Life can be both busy and unpredictable.  There may be events or times when you may need to give control over your property and financial affairs to someone else.

This may, for example, be because you are working abroad or taking an extended holiday and need someone to act for you whilst you are away.

By preparing a general power of attorney, you can authorise one or more people to manage your property and financial affairs, normally for a limited period.

The person you choose to appoint (the attorney) must

  • be over the age of 18
  • have the mental capacity to act
  • not be an undischarged or interim bankrupt.

A general power of attorney can only be used for your property and financial affairs.  It cannot be used to make health and welfare decisions, nor to appoint someone to take on your role as a trustee, executor or administrator.

It can only be prepared and used if you have mental capacity.  If you lose mental capacity when the document is being used, then the document becomes invalid and in effect cancelled.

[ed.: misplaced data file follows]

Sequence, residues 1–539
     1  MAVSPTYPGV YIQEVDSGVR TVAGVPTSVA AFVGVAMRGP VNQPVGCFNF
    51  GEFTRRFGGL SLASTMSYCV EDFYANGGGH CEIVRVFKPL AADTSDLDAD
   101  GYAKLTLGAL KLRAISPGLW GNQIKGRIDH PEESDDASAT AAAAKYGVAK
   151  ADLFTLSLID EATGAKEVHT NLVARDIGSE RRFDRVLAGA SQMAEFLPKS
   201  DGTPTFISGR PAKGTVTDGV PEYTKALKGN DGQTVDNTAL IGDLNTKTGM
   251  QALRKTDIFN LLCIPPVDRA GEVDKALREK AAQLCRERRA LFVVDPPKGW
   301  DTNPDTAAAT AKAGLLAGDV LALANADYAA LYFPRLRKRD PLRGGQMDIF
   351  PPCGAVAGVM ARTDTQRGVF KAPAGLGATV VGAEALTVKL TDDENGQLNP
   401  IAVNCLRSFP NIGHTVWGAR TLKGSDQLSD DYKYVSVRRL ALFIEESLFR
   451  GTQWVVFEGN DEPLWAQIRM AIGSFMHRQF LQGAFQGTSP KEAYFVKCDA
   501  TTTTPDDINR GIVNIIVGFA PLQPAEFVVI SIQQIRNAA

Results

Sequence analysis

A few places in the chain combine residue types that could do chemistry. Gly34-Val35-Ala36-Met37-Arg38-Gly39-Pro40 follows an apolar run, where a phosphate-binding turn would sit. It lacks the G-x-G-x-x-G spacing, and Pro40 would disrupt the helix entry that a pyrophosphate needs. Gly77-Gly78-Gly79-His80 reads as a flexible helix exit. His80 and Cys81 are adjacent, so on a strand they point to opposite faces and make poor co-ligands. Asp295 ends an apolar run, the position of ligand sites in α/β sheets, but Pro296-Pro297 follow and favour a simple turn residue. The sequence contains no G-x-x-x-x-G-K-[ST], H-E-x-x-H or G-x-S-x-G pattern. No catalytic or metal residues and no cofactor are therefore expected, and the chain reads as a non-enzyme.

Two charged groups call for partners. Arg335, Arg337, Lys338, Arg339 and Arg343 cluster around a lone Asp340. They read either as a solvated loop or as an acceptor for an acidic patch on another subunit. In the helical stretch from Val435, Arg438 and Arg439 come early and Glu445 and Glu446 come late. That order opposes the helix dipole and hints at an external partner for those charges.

A general power of attorney does not have to be registered with the Office of the Public Guardian like the lasting powers of attorney (LPA) or enduring powers of attorney (EPA).  It is important that if these documents are prepared, they are done correctly and professionally.

An alternative to a general power of attorney is a property and financial affairs lasting power of attorney.  This type of LPA allows you to choose attorneys to manage your finances for you when you are mentally or physical incapacitated.  It also allows you to ask your attorneys to manage individual transactions should you be unable to do so because, for example you are abroad.

The main difference between the two is that an LPA continues to be valid should the person who prepared it lose mental capacity to make decisions about their finances, whereas a general power of attorney does not.